Last year film director Matt Senior produced a documentary called Now Or Never in a bid to save the newly identified Tapanuli Orangutans in Indonesia.
The film was made as part of a new MA course, Directing and Producing Science and Natural History, at Beconsfield's National Film and Television School.
Now Or Never tells the story of the Batang Toru Forest, which lies in the heart of North Sumatra, Indonesia. It is a forest like no other, and remains largely unexplored.
In June 2018, filmmaker Matt Senior embarked on a journey into Batang Toru, a forest in the heart of North Sumatra which is one of the most bio-diverse spots in Indonesia, home to rare species such as the critically endangered Sumatran tiger and the Sunda pangolin.
He was going in search of the rarest great ape on the planet – the newly identified Tapanuli Orangutans, found only in Batang Toru.
This is the first great ape to be discovered since the Bonobo, nearly 100 years ago.
On a mission to be the first person in the world to produce a documentary on this new species, Matt shadowed the conservationists from the Sumatran Orangutan Conservation Programme (SOCP) as they carried out their vital work to study and protect this critically endangered species and its unique forest home.
He was part of a passionate team of filmmakers consisting of Editor: Mirjam Jegorov, Sound Designer: Kevin Langhamer, Composer: Adam Price, Marketing Executive: Alex Chronopoulos, English Narrator: Patrick Aryee and Indonesian Narrator: Cindy Thefannie.
The film centers around a conflict with local campaigners protesting against the Indonesian Government’s decision to allow planning permission for a hydro-electric dam in the area, which is also one of the most earthquake affected places in Indonesia.
Indonesia's largest environmental group, the Indonesian Forum for the Environment, filed suit to stop the dam, providing evidence that the environmental impact behind the project was deeply flawed.
There have also been reports of other irregularities in the process; one scientist involved in the assessment said that his signature was forged to obtain a key permit.
But on March 4, the three-judge panel ruled against the motion, arguing that the environmental organisation’s complaints were irrelevant.
Matt said: "Considering these orangutans are found in only one forest on the planet, and being the rarest of all great apes, it's incredible to think that this hydro-electric dam is being built where it could have such a huge ecological impact. It’s also frightening to think that just two years after they were announced as a new species, these orangutans could soon be extinct.
"I've always been an ambitious person, but never before had I taken on a challenge such as this - to go and film orangutans in the wild for the first time, and through the tremendous support of my tutor, Paul Reddish, the project was eventually green lit.
After acquiring an Indonesian filming permit, something that is extremely hard to get, Matt took off to the Batang Toru Forest in North Sumatra.
"It was only when I got there and the conservationists were explaining to me how rare sightings are of these animals, that I started to worry and think to myself ‘with no orangutans, there’s no film’.
Matt had only 21 days inside the forest to bring the project to life, and to find the elusive Tapanuli Orangutans.
Matt continued: "When we arrived, the camp manager told me that there were other conservationists out exploring and looking for orangutans.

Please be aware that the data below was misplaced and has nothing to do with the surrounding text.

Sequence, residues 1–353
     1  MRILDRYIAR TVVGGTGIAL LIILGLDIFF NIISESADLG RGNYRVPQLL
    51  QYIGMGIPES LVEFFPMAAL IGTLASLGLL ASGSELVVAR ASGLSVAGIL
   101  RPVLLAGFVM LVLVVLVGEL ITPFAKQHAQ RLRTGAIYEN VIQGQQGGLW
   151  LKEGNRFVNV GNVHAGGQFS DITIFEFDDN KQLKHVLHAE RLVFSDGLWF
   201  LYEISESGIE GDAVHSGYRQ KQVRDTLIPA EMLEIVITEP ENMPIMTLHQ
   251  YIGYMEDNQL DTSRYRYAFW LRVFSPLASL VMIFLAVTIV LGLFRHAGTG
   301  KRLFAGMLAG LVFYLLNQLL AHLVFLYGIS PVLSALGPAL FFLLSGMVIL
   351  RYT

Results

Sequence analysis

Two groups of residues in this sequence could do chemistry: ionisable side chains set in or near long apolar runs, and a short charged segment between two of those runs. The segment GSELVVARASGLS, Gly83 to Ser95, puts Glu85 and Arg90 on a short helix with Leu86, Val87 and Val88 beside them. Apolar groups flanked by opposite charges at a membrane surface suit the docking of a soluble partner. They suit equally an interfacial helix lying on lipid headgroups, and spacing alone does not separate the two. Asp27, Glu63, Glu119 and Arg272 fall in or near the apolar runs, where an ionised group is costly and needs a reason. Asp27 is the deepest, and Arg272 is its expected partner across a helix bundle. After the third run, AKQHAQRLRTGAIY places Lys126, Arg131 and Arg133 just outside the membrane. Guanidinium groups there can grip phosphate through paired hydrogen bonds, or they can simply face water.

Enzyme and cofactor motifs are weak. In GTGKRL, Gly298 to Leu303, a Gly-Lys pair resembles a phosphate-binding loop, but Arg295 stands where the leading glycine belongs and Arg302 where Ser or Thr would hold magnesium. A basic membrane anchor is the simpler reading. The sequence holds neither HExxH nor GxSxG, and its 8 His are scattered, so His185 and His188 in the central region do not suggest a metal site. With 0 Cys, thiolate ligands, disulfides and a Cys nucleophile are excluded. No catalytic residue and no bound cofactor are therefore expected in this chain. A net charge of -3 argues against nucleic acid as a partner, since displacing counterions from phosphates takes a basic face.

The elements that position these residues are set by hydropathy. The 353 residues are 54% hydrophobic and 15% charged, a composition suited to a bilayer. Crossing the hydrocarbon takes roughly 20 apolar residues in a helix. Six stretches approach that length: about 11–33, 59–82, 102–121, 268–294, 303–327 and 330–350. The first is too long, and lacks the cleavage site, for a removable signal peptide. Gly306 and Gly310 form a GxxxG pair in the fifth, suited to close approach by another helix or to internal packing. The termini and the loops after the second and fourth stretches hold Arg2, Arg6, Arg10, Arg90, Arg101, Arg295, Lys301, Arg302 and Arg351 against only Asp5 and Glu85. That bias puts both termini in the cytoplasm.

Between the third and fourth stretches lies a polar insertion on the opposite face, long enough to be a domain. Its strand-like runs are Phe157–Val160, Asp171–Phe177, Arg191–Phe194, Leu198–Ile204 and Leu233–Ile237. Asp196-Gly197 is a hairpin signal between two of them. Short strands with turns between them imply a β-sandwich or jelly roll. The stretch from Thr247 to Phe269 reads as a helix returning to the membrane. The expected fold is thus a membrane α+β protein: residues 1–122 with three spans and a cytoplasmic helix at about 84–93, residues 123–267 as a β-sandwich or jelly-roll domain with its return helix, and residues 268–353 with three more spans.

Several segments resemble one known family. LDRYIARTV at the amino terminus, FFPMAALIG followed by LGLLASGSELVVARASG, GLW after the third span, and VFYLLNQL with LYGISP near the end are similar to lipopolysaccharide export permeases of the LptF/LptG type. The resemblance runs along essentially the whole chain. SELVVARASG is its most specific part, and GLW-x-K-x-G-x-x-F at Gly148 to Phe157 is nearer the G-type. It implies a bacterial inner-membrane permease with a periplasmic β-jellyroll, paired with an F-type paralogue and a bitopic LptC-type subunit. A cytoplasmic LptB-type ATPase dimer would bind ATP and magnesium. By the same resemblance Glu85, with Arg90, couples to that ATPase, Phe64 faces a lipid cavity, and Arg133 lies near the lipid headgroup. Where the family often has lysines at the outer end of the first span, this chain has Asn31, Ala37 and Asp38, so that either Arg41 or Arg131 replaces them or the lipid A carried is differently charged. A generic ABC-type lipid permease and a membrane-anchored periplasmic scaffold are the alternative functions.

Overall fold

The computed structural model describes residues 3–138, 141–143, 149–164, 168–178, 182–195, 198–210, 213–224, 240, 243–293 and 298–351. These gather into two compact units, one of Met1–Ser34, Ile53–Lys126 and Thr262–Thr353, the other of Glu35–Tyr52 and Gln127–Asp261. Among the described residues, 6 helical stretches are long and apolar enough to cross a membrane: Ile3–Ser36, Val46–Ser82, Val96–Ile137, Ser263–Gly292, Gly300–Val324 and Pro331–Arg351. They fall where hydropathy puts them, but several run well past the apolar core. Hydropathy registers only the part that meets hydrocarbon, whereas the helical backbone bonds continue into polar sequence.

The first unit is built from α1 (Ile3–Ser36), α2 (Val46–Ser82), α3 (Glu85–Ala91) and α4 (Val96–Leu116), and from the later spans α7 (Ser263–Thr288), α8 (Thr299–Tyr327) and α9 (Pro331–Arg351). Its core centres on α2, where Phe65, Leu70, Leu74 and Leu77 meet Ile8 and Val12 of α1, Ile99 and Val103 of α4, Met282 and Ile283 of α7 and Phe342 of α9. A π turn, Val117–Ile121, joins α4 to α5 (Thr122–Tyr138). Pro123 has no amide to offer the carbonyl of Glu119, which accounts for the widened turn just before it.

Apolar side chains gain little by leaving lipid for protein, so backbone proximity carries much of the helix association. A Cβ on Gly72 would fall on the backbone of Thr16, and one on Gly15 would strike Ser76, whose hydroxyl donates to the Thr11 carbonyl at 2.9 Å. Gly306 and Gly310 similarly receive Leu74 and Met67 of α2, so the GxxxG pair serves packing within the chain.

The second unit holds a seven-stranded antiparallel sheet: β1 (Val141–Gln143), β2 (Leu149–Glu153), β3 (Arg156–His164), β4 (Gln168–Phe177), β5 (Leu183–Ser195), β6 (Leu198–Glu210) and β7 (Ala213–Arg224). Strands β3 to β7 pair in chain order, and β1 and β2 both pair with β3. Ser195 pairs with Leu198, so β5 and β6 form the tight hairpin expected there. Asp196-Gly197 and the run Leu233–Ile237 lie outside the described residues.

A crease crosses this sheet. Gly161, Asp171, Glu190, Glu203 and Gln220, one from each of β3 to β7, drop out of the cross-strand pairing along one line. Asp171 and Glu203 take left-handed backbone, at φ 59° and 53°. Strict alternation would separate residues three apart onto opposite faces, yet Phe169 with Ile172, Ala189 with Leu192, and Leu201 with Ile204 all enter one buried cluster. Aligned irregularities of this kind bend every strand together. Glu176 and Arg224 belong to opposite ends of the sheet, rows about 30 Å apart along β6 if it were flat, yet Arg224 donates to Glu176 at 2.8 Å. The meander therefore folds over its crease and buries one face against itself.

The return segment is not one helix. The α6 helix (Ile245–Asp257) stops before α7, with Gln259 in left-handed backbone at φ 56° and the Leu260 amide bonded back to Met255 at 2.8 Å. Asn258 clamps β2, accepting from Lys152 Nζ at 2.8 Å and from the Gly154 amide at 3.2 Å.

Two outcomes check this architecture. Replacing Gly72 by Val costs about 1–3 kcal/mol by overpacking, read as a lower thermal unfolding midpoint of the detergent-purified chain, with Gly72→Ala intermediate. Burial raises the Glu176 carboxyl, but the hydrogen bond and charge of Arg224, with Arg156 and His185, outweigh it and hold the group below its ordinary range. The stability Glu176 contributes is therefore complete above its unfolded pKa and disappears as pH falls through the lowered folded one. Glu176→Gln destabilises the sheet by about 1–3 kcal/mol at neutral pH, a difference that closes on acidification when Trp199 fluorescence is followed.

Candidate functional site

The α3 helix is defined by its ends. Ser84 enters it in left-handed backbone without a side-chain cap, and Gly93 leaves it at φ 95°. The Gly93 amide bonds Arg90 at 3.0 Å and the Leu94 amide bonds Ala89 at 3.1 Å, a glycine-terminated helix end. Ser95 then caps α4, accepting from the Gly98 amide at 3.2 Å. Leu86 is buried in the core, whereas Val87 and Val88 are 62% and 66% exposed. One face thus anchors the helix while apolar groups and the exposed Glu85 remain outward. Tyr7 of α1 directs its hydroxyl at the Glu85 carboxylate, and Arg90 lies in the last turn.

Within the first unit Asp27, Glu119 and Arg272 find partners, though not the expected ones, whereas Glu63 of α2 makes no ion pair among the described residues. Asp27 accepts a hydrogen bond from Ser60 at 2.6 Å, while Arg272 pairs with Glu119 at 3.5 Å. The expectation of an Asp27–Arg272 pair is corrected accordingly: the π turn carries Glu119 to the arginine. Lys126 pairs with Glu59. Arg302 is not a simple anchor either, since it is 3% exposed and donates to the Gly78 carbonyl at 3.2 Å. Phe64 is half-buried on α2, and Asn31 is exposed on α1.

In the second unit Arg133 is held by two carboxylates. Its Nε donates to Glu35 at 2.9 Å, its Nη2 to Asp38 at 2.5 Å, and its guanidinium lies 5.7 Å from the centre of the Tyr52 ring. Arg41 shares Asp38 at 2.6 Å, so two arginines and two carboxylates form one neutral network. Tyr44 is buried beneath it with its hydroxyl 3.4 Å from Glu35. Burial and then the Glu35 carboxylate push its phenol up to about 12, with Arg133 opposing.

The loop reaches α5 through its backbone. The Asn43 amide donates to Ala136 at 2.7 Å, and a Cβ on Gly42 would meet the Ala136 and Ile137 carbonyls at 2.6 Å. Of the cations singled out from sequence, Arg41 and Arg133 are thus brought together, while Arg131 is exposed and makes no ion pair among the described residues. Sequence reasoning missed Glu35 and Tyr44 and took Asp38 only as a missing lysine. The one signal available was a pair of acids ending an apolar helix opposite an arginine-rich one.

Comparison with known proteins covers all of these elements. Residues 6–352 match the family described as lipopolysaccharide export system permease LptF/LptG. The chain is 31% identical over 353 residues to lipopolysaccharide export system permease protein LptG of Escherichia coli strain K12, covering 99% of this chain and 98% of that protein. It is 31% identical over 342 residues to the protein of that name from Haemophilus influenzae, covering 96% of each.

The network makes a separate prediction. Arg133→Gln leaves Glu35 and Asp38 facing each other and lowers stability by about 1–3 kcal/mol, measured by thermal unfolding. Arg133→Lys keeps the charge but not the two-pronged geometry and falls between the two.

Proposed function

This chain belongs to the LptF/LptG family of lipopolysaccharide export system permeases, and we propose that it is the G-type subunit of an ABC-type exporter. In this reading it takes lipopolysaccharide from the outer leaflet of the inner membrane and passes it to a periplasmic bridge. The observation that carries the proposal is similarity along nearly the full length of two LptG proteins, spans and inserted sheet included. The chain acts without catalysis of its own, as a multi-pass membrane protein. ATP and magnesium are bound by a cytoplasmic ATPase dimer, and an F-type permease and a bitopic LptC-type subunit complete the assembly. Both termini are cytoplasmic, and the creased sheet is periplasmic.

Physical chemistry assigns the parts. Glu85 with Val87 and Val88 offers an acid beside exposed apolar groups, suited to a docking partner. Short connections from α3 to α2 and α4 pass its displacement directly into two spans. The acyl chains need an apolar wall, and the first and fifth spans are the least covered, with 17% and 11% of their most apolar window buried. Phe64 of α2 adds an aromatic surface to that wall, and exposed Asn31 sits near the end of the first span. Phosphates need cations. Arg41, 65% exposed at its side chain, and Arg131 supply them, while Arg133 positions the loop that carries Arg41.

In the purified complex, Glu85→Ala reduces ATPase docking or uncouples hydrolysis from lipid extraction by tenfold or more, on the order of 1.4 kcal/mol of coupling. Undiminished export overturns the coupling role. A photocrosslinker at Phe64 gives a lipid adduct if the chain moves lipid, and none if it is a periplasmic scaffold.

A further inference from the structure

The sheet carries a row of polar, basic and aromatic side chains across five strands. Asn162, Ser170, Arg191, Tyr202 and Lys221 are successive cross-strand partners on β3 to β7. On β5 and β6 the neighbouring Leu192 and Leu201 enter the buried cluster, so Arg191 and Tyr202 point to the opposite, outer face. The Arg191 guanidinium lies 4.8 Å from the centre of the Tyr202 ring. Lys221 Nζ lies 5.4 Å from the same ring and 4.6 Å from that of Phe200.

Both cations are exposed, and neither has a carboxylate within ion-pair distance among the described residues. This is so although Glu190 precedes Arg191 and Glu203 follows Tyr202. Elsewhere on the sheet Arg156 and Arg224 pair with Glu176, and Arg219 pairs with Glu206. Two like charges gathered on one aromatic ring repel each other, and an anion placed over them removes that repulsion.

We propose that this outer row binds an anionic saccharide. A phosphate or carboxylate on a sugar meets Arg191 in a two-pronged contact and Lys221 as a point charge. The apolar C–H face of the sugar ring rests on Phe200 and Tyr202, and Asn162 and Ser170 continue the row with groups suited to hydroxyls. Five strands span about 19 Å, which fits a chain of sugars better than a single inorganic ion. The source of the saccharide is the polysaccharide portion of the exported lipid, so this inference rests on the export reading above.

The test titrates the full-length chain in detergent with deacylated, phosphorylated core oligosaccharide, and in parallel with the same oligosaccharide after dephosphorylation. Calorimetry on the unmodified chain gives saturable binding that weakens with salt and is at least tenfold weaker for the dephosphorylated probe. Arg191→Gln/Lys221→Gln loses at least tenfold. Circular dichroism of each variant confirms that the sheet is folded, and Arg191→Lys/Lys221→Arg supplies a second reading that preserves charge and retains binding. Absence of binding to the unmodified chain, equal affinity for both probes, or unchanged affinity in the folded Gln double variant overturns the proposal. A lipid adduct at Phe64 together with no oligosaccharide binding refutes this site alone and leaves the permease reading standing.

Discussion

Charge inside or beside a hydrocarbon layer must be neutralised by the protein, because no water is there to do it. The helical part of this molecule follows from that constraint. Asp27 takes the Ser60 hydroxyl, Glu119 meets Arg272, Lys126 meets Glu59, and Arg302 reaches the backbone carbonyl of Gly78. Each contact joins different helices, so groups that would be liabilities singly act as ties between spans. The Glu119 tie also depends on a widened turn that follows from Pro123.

If they got back in the afternoon, they had been unsuccessful. If they got back at night time, chances are they had found orangutans.
"I was really anxious all day, and eventually they returned in the evening with good news ."
The next morning, they woke up at 4am and trekked to the orangutans’ nest, and Matt was ready for his first sighting of a Tapanuli Orangutan.
Matt continued: "Honestly, we couldn't believe our luck. We saw a family of two orangutans on the first day, 7-year-old Cakra and his mother Cemara.
"The young male was really interested in us, he was just a small baby when the conservationists last saw him. We got some great footage, including the first shot of the day when Cakra first woke up and stared straight down the camera lens. It was a very moving moment.
"There was also a special moment, when Cakra came over to me and was hanging 2m directly above me. that I let the camera down and decided to just take it in with my own eyes.
This was followed by another sighting on day two and three, where they saw a female and her 3-year-old baby girl.
SOCP allowed Matt name the baby, which was a huge honour for him.
He named the baby Cynthi after one of his closest friends who helped him during production.
The filming wasn't all smooth sailing however, as Matt was struck with illness from drinking water from the camp's stream.
Luckily he recovered to finish off the filming.
Since completion in November 2018, Now Or Never has been selected for several film festivals across 5 continents, including: British Documentary Film Festival in Leicester Square, The Wildlife Conservation Film Festival in New York, Santa Cruz International Film Festival in Argentina, International Nature Film Festival Gödöllo in Budapest, NaturVision Film Festival in Germany, Calcutta International Film Festival in India, and Scinema International Science Film Festival in Australia, with hopefully more to follow.
Matt had always been interested in nature, and loves David Attenborough, but working in that field also seemed 'a far off dream'.
For Matt and his team, the dream has become reality.
Matt added: "The main purpose of the film is to raise awareness for these animals and their home.
"The film was realised through the incredible work of the crew and SOCP, but until now, the story had never been told on film before, so I feel it is very important for us to show the film wherever possible and hopefully we can do some good with Now Or Never.”